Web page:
2Q18 Investment Letter

We feel investors should have an information outlet for the financial markets that is thorough, but does not require a prerequisite degree in economics. We hope this makes our commentary informative and educational for all levels of investors. 

Quarter in Review

Asset Class† 2nd Quarter 2018 Return Past 12 Months
U.S. Small Cap Stocks 7.8% 17.6%
U.S. Large Cap Stocks 3.4% 14.4%
Commodities 0.4% 7.4%
U.S. Bonds -0.2% -0.4%
International Stocks -2.6% 7.3%

The second quarter of 2018 was a reversal from the beginning of the year, as domestic stocks bounced back from negative returns and were also less volatile. The story is largely the same for bonds. While interest rates still rose over the course of the quarter, they leveled out considerably, resulting in a much smaller decline in their overall return (bond prices move inversely with interest rates).

As the U.S. economy continues to chug along, investors continue to keep an eye on the Federal Reserve’s future policy moves to ensure that the economy does not overheat. The two biggest factors in gauging their moves are the employment numbers and inflation. Usually, investors look for a combination of low unemployment and increasing inflation to predict a change from the Fed.  The unemployment rate continued to fall during the second quarter, reaching 3.8% in May, which is the lowest point since 2000, while inflation which had been accelerating higher in past quarters has leveled out. Such a combination has many thinking we are in a “goldilocks” period where the economy isn’t too hot nor too cold, meaning the Fed won’t make any significant changes to the expectations of 1 or 2 more rate increases in 2018. Workers’ earnings are one measure that is a bit confounding. While inflation of the prices of goods and services have been increasing, wage growth for workers has not been keeping pace.

While overall inflation has been more subdued in the most recent months, consumers are starting to feel a little more pain at the pump as oil prices have reached their highest level since late 2014, right before the U.S. “fracking” boom.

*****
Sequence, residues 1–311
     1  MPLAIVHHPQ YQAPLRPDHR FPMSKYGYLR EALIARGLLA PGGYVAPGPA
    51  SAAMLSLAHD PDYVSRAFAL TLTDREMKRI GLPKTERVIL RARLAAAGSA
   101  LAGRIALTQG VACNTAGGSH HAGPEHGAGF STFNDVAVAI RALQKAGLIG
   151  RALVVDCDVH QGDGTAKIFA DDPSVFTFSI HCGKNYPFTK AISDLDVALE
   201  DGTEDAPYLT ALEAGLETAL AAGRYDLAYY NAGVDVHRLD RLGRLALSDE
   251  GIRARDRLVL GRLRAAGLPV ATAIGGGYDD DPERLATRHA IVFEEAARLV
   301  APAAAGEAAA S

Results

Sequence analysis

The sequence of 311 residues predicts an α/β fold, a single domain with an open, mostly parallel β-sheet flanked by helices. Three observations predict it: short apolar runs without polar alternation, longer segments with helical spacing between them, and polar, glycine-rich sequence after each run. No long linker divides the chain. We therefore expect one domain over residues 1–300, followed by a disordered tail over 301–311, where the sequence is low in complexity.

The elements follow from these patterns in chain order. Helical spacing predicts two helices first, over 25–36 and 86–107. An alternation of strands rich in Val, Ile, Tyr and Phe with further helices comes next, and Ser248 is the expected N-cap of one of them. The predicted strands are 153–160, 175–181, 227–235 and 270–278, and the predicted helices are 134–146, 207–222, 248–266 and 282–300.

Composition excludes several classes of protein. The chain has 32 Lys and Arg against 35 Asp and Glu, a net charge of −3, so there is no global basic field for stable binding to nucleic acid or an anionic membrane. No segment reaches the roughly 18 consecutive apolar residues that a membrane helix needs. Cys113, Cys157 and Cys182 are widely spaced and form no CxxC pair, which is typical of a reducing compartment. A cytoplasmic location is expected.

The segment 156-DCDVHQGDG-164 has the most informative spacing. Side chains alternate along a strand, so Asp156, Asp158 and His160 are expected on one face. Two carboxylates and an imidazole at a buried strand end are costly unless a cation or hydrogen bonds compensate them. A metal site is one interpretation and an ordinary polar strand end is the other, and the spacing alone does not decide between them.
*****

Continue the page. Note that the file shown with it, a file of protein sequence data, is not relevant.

In the Headlines: Free Trade

This quarter marked a significant shift in U.S. approach to trade policy. After decades of moves by the U.S. to further free trade with other countries, the Trump administration has made a point to expose what they perceive as unfair practices that hurt domestic businesses by implementing tariffs, most notably to China, the largest trading partner with the U.S. This change and the resulting effects to consumers is worth a deeper look.

History of U.S. and free trade

A history of American free trade deserves a space much larger than a single paragraph, but there are a few significant factors that have led to the U.S. embrace of free trade policy, namely globalization and shifts in employment trends. In the last half-century the U.S. has also evolved from a largely industrial and agrarian economy to a service based economy, where in the simplest terms, we are purchasers (importers) of goods and sellers (exporters) of human capital or ideas. With advancements in transportation and technology, it has become increasingly easier and cheaper for wealthy countries to outsource much of their goods and agriculture to regions outside of their own borders.

How things have changed